Not only did she quickly figure out how to play on the right, she excelled and finished the year as the conference’s rookie of the year.
“Honestly, I didn’t expect [that] at all,” Beckett says. “I thought Georgia [Hurry], from Douglas College, was going to get it. But, volleyball to me is not about the accolades and the awards. It’s nice to get them, but I would rather win a provincial title than be an MVP.”
That dream nearly came true in her rookie year as well, but Camosun ended up settling for a silver medal at the PacWest provincials. Being the top regular season team, however, they still got to compete at the CCAA National Championships in Montreal — an unforgettable experience.
“We played in front of [CEGEP’s] home crowd of at least 300 or 400 people [and] they were heckling us and we almost lost it,” Beckett recalls. “It was 39-37 to stay alive [in the fourth] and then [we] won in five… then [we] went on to win the bronze medal.”
Unfortunately, in her second year with Camosun, a lot of the magic disappeared and she became overwhelmed with mental and physical exhaustion.
“[There] was a lot of beating myself up: ‘I’m not good enough to do this, I’m not good enough,’” she says. “It just went into this spiral of ‘I don’t want to do this anymore’ [and] I fell out of love with the game.”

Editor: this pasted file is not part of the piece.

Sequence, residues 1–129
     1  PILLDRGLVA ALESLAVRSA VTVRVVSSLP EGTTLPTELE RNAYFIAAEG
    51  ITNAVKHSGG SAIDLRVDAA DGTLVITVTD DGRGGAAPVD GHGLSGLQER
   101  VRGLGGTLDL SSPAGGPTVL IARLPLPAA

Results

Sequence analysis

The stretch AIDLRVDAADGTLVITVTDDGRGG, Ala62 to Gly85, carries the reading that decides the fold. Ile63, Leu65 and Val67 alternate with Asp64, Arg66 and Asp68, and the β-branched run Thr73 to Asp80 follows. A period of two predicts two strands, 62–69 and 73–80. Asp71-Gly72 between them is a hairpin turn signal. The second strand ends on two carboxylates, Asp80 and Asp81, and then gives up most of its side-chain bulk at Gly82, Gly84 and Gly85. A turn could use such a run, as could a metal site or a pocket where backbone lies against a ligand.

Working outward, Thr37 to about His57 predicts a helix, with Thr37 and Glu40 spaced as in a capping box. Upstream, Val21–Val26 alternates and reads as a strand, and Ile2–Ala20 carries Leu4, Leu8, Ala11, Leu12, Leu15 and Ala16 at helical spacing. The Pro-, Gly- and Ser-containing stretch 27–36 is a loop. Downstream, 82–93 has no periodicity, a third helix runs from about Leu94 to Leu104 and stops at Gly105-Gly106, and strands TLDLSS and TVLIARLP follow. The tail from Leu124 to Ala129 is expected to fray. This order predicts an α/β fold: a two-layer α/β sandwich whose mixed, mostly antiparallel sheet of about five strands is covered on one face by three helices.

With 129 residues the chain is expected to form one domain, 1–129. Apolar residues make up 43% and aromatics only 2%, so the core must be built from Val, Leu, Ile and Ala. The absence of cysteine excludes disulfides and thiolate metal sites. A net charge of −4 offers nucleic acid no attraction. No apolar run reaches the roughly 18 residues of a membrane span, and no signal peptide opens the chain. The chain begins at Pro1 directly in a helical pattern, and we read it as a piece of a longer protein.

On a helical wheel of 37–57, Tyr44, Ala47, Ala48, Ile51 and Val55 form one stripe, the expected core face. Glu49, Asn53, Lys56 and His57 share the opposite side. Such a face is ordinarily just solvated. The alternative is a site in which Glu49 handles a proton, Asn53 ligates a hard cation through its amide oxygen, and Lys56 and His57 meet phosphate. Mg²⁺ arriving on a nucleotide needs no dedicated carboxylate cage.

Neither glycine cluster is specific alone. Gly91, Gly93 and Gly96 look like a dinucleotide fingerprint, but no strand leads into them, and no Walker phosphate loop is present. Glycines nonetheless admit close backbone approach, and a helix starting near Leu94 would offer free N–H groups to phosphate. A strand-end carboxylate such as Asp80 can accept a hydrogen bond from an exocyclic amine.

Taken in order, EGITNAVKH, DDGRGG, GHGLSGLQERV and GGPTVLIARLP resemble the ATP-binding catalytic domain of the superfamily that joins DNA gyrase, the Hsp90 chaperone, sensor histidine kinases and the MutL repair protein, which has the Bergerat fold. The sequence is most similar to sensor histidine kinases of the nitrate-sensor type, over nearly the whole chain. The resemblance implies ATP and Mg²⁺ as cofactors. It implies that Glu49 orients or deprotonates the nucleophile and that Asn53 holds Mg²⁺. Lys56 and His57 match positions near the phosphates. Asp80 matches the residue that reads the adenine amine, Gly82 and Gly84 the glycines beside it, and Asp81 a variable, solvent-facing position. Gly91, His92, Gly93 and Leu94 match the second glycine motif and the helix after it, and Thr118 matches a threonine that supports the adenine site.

During her year off, last season, Beckett got a full-time job, took online classes at Thompson Rivers University and kept her toe in volleyball by coaching and playing in a women’s league.
After taking, but not enjoying, Criminal Justice during her sophomore year, she decided to study Education at the University of Victoria in the fall of 2017. She had an even better proposition though.
Meeting John Swanson again at the PacWest provincials, she decided that she missed college-level volleyball, and then he made a serious offer for her to come to COTR.
“I told him I’d look into it and then I realized that [COTR] had the Education program here through UVic,” she said. “So, I signed up and here I am.”
After spending 21 years in the same house, Beckett is now living outside of Victoria for the first time and on Friday she will play her first game with the Avalanche against a familiar opponent.
Camosun is in town for the home opener.
“I was talking to my mom and my roommates about it [and] they wondered if it was going to be weird playing Camosun, [but] I don’t think [it will be],” Beckett says. “From my first year team, there is nobody left [and] from my second year team, there is one girl left.
“It’s totally new faces.”
There will be some familiar people, however, in the crowd. Beckett’s brother is flying in from Victoria, and one of her best friends and former teammates is driving down from Calgary.
“I’ll have some friendly faces,” she says, adding that she’s also hoping for a big crowd of locals. “I hope a lot of people come out… I think we’re going to be good. We have a lot of depth on the team.”
The Avs women play at 6 p.m. on Friday and 1:00 p.m. on Saturday to kick off their season against the Chargers.
While it’s a long way from where she expected to be a year ago, there is no doubt that Megan Beckett is exactly where she belongs, with the Avs.